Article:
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Stem Cells Restore Memory in Mice

Experiments point to ways to treat injury, stroke and even Alzheimer's, experts say

WEDNESDAY, Oct. 31 (HealthDay News) -- A new U.S. study involving mice suggests the brain's own stem cells may have the ability to restore memory after an injury.

These neural stem cells work by protecting existing cells and promoting neuronal connections.

In their experiments, a team at the University of California, Irvine, were able to bring the rodents' memory back to healthy levels up to three months after treatment.

The finding could open new doors for treatment of brain injury, stroke and dementia, experts say.

"This is one of the first reports that you can take a stem cell transplantation approach and restore memory," said lead researcher Mathew Blurton-Jones, a postdoctorate fellow at the university. "There is a lot of awareness that stem cells might be useful in treating diseases that cause loss of motor function, but this study shows that they might benefit memory in stroke or traumatic brain injury, and potentially Alzheimer's disease."

In the study, published in the Oct. 31 issue of the Journal of Neuroscience, Blurton-Jones and his colleagues used genetically engineered mice that naturally develop brain lesions. The researchers destroyed cells in a brain area called the hippocampus. These cells are known to be vital to memory formation and it is in this region that neurons often die after injury, the researchers explained.

To test the mice's memory, Blurton-Jones's group conducted place and object recognition tests with both healthy mice and brain-injured mice.

Healthy mice remembered their surroundings about 70 percent of the time, while brain-injured mice remembered it only 40 percent of the time. For objects, healthy mice recalled objects about 80 percent of the time, but injured mice remembered them only 65 percent of the time.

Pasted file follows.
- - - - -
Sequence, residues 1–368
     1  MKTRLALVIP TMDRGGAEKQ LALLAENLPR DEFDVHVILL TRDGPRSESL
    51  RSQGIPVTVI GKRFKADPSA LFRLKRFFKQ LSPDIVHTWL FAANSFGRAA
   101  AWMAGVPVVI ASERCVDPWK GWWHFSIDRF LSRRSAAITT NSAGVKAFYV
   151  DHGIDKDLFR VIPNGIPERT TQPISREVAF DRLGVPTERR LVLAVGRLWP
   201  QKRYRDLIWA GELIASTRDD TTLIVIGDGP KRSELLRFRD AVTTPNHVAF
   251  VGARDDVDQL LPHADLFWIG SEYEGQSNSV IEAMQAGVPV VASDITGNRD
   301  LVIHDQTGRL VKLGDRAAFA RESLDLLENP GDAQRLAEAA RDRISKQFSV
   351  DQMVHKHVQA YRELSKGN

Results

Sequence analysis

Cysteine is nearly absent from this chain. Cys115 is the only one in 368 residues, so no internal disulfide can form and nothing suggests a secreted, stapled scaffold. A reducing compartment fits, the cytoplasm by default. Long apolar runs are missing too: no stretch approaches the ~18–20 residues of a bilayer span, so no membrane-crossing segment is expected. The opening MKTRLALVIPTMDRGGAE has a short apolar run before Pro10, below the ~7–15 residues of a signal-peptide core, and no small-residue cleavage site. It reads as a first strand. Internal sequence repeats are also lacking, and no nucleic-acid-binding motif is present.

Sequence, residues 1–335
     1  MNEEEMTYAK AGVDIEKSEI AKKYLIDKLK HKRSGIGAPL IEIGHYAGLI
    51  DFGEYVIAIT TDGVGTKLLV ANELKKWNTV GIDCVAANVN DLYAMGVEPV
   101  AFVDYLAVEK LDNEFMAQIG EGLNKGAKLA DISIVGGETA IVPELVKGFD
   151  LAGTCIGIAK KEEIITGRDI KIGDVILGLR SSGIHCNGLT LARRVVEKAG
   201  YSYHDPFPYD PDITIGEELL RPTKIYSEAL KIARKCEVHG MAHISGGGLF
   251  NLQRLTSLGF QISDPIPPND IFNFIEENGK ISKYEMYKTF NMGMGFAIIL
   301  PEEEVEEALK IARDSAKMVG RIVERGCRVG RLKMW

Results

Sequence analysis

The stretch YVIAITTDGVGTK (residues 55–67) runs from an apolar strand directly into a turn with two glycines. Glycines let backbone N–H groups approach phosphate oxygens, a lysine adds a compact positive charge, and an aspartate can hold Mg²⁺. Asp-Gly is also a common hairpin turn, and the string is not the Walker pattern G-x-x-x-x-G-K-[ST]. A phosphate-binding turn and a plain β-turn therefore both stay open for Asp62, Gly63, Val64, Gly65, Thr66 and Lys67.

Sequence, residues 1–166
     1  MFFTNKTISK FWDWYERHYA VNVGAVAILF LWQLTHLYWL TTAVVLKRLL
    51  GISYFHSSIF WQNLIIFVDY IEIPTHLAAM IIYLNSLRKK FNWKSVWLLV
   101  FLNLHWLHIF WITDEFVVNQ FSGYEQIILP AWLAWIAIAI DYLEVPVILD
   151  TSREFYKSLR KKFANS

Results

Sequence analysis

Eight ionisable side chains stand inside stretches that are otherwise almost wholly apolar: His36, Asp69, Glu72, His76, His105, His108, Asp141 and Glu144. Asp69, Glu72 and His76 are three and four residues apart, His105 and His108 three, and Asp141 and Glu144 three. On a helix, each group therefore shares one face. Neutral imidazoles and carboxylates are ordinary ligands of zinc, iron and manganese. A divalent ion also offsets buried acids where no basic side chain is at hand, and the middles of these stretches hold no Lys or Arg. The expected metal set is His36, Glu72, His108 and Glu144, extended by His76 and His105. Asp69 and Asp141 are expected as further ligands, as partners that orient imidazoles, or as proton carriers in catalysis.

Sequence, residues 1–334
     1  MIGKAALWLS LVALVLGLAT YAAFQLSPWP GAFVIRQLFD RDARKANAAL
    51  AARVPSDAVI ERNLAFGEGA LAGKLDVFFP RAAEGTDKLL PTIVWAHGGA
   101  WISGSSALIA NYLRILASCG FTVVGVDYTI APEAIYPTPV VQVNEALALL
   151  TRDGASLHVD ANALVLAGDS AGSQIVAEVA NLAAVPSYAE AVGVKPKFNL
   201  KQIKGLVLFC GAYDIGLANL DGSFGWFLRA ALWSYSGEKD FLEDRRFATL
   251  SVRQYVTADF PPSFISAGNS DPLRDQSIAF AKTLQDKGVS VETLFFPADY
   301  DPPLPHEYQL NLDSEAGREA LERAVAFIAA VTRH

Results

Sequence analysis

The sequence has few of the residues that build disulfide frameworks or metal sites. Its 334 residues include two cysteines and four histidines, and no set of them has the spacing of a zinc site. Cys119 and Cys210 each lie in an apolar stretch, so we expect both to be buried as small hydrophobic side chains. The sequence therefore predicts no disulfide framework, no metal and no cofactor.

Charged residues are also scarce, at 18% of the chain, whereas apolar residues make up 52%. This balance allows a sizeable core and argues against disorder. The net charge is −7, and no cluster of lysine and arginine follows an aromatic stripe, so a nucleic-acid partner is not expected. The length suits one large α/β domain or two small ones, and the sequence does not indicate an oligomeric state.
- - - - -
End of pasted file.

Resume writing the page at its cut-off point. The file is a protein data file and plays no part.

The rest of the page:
The researchers then injected each mouse with about 200,000 neural stem cells.

They found that mice with brain injuries that received the stem cells now remembered their surroundings about 70 percent of the time -- the same as healthy mice. However, mice that didn't receive stem cells still had memory deficits.

The researchers also found that in healthy mice injected with stem cells, the stem cells traveled throughout the brain. In contrast, stem cells given to injured mice lingered in the hippocampus. Only about 4 percent of those stem cells became neurons, indicating that the stem cells were repairing existing cells to improve memory, rather than replacing the dead brain cells, Blurton-Jones's team noted.

The researchers are presently doing another study with mice stricken with Alzheimer's. "The initial results are promising," Blurton-Jones said. "This has a huge potential, but we have to be cautious about not rushing into the clinic too early."

One expert is optimistic about the findings.

"Putting in these stem cells could eventually help in age-related memory decline," said Dr. Paul R. Sanberg, director of the Center of Excellence for Aging and Brain Repair at the University of South Florida College of Medicine. "There is clearly a therapeutic potential to this."

Sanberg noted that for the process to work with Alzheimer's it has to work with older brains. "There is clearly therapeutic potential in humans, but there are a lot of hurdles to overcome," he said. "This is another demonstration of the potential for neural stem cells in brain disorders."

More information

For more information on memory, visit the U.S. National Library of Medicine.

SOURCES: Mathew Blurton-Jones, Ph.D., postdoctorate fellow, University of California, Irvine; Paul R. Sanberg, M.D., director, Center of Excellence for Aging and Brain Repair, University of South Florida College of Medicine, Tampa; Oct. 31, 2007, Journal of Neuroscience.

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